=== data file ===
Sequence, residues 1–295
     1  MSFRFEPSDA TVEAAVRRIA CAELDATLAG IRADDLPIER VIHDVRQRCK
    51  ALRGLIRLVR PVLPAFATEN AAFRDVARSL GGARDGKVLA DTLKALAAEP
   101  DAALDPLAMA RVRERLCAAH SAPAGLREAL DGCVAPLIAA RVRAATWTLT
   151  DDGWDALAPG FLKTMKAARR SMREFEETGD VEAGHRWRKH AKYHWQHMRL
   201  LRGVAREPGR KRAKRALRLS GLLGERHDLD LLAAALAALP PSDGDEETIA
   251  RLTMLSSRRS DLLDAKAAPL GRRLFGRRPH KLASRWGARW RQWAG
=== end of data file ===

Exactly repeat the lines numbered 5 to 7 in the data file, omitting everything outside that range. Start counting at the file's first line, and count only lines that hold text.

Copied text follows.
   151  DDGWDALAPG FLKTMKAARR SMREFEETGD VEAGHRWRKH AKYHWQHMRL
   201  LRGVAREPGR KRAKRALRLS GLLGERHDLD LLAAALAALP PSDGDEETIA
   251  RLTMLSSRRS DLLDAKAAPL GRRLFGRRPH KLASRWGARW RQWAG